Doing their own thing
October 2, 2008
If you want it, go get it, and no excuses like ailing in-laws or small children, please. This seems to be the motto of the six start-up women chosen by BT this year. Whether it is excellence in information technology (as exemplified by serial entrepreneur Anupama Arya of Mobera) or an old idea packaged brilliantly (the luxury buses of sisters Shivani and Suparna Chopra), they are beacons of hope for thousands of women-and men?- who have similar dreams but lack a role model or simply need a prod to get going.
40, Co-founder, Mobera Systems
Previous work experience: Co-founder, VivExchange, US; Lucent Technologies, Synoptics/ Bay Networks.
The first thing that strikes you about Arya is her happy-go-lucky nature (helps tackle challenges). She and husband Puneet Vatsayan set up Mobera in Chandigarh after relocating from the US to be with her ailing motherin-law. It was a humbling experience, not least because of her gender: people think "you are incompetent and a freeloader on your husband or a gatekeeper." But, as an MS in computer science handling the engineering and operations part, she could hardly care.
-Tejeesh N.S. Behl
48, For-She Travels & Logistics
Previous work experience: Proprietor, UP-VC Windows
It was her passion for driving that led her to start a pre-paid cab service for women and their families in Mumbai in early 2007. "It's a service that is by women, for women and of women," says Revathi Roy, Founder and Managing Director of For-She Travels & Logistics. Roy put together Rs 14 lakh to lease two cars and begin the service. Since then, a tie-up with Orix Auto Infrastructure Services has allowed her to expand the fleet to 21. She has also started drivers' training academies in Mumbai, Delhi and Hyderabad to train women chauffeurs. Customers pay Rs 200 flag down followed by Rs 15 per km. Roy's aim is to empower poor women and help the better-off sections by providing women chauffeurs.
-Anusha SubramanianShivani Chopra & Suparna Chopra
Ages 28&26, The Royal Time Machine
Previous work experience: Shivani worked with Deutsche Bank
The word luxury is not enough to cover the tourist buses of The Royal Time Machine launched by Delhi sisters Shivani (28) and Suparna (26) Chopra, in May 2006. They have jazzed up the sightseeing with film screenings and cultural programmes. The cuisine, staff and decor are reminiscent of Indian history. MBAs both, Shivani worked with Deutsche Bank before turning entrepreneur. "The growth from a regular job will always be lower than that of a business plan that clicks," says Suparna.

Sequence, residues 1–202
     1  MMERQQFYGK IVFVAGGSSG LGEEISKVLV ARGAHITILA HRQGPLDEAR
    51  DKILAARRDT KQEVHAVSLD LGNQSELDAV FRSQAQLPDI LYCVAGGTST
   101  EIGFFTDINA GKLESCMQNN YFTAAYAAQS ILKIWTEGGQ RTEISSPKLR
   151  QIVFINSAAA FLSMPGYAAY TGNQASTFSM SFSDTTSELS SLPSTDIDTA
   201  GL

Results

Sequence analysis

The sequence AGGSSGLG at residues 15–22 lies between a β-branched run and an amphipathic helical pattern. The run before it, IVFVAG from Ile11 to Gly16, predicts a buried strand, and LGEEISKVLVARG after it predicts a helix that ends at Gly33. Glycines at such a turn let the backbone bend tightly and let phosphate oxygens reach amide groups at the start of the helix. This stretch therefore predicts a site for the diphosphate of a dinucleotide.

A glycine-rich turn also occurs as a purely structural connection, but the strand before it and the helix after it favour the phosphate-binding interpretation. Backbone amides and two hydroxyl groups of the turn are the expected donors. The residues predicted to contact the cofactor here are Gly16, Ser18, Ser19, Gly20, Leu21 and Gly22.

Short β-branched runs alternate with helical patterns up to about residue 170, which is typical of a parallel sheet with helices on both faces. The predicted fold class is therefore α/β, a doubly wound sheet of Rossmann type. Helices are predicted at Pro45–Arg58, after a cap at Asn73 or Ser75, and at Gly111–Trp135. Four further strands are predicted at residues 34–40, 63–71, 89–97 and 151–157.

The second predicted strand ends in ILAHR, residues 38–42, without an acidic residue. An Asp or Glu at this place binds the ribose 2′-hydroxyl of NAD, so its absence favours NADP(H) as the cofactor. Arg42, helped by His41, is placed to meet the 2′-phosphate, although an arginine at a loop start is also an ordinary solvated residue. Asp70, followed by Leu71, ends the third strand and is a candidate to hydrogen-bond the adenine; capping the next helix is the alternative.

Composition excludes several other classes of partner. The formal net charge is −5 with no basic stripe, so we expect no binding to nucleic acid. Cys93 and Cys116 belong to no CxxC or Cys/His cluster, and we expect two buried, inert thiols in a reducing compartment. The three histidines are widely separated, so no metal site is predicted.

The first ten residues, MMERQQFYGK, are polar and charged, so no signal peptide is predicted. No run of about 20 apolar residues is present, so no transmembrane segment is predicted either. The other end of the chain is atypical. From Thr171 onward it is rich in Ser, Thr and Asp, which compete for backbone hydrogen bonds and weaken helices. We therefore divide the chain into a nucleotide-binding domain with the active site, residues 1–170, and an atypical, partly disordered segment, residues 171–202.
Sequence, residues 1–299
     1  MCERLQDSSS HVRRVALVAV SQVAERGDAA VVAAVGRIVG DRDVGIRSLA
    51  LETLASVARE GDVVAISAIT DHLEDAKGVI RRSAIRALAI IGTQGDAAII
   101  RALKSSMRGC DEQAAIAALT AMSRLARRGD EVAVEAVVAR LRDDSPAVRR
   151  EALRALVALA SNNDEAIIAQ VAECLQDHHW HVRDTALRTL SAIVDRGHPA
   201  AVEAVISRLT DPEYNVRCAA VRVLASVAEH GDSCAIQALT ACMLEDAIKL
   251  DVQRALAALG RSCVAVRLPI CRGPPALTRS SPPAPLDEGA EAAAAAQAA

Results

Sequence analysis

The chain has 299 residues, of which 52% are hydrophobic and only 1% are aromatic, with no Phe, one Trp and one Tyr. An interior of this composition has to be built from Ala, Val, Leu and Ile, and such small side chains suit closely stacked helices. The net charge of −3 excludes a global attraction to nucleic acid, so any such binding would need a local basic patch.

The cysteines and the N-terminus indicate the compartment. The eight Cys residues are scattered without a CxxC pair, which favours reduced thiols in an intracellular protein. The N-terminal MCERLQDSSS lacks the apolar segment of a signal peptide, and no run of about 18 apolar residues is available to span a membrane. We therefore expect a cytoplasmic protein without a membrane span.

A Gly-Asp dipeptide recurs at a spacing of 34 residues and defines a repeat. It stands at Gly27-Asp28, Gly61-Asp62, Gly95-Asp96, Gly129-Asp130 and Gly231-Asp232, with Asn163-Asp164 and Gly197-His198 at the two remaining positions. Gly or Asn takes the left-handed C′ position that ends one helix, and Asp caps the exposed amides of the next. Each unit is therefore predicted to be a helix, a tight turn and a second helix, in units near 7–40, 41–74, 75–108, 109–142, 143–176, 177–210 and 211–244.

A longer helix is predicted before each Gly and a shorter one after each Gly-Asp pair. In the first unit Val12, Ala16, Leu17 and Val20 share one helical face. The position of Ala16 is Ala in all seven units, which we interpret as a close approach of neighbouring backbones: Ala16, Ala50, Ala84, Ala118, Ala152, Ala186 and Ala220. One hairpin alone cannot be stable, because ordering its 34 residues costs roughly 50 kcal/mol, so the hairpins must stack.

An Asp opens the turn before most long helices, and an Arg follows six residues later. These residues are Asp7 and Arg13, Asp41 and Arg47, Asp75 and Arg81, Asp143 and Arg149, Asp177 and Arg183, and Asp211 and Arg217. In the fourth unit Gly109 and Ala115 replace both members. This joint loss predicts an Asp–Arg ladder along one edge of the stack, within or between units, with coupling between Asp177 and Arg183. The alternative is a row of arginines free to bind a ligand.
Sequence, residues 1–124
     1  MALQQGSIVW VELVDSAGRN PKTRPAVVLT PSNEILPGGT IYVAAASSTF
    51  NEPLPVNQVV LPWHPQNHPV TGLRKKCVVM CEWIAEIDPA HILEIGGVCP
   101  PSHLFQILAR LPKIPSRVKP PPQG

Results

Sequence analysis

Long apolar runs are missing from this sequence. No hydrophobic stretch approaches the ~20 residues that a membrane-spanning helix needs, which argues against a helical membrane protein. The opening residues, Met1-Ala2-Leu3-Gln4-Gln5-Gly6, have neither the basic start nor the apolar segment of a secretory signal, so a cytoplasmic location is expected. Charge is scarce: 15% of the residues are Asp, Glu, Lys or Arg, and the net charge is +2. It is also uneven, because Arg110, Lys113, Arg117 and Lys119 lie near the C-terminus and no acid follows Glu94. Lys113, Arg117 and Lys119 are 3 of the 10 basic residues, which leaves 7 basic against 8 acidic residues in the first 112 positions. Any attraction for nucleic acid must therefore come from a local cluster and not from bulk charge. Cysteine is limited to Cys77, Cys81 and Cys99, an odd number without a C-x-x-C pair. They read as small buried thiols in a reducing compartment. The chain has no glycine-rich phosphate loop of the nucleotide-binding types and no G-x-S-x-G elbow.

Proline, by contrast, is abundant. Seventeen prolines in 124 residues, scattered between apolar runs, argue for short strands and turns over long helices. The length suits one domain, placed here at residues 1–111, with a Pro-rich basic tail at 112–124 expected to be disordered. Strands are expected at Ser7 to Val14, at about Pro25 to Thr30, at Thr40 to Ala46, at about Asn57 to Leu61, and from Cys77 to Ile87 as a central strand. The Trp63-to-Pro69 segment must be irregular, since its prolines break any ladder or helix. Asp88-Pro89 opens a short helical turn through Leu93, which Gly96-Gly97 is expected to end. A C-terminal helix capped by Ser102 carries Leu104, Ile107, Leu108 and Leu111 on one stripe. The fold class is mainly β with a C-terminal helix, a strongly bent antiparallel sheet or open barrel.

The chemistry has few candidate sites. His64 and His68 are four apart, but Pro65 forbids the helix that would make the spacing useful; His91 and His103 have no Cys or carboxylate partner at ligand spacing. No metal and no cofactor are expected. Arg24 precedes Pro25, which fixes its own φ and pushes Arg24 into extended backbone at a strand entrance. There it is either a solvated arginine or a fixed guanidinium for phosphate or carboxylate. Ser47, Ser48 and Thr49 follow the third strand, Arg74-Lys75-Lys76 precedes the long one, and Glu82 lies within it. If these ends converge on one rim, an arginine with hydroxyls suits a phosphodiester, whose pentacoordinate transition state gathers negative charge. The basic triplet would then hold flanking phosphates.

36, Founder and Director, Air Hostess Academy
Previous work experience: Taught for 5 years as a travel and tourism expert
Started business at: 26 years Years as entrepreneur: 10
Initial investment: Rs 1 lakh
Number of employees: 700
Current turnover: Rs 80 crore
The thriving business, Sapna Gupta is quick to point out, was not given to her by her parents. "We put our hearts, blood and souls into it," says Gupta proudly. She and her husband spotted the opportunity to ride the crest of a booming service sector economy. She now intends to open centres overseas, in addition to the 20 more in India, by the end of 2009. But it was not a cakewalk. "In the early years, it was difficult to explain the concept of AHA as there was nothing similar," she says. Her daughter, now eight, and husband Akash Gupta were supportive. Did she feel any guilt pangs when her daughter was young? No, is the emphatic answer. "It is now that she needs me more for the tennis matches and the growing up phase," Gupta adds. Her advice to other young entrepreneurs: just get going.
-Shalini S. DagarShaleen Raizada
39, MD, Sanshadow Consultants Private Ltd.
Previous work experience: Academic at National Physical Laboratories
Starting business at: 35 years
Years as entrepreneur: 4
Initial investment: N.A.
Number of employees: 20 people and 40 consultants
Current turnover: Not disclosed
When I finished my masters in physics, I thought I knew everything there was to know in physics, and then, I started my doctorate and discovered I knew nothing at all," Shaleen Raizada jokes. However, by her own admission, she knew nothing at all about running a business when she set up Sanshadow in August 2004. "I had no clue what a cash book was,"she laughs. Today, she has angel funding and doesn't need to dip into her husband's bank account anymore. Sanshadow is a consultancy for intellectual property and Raizada believes that there is a lot of IP residing across Indian industry.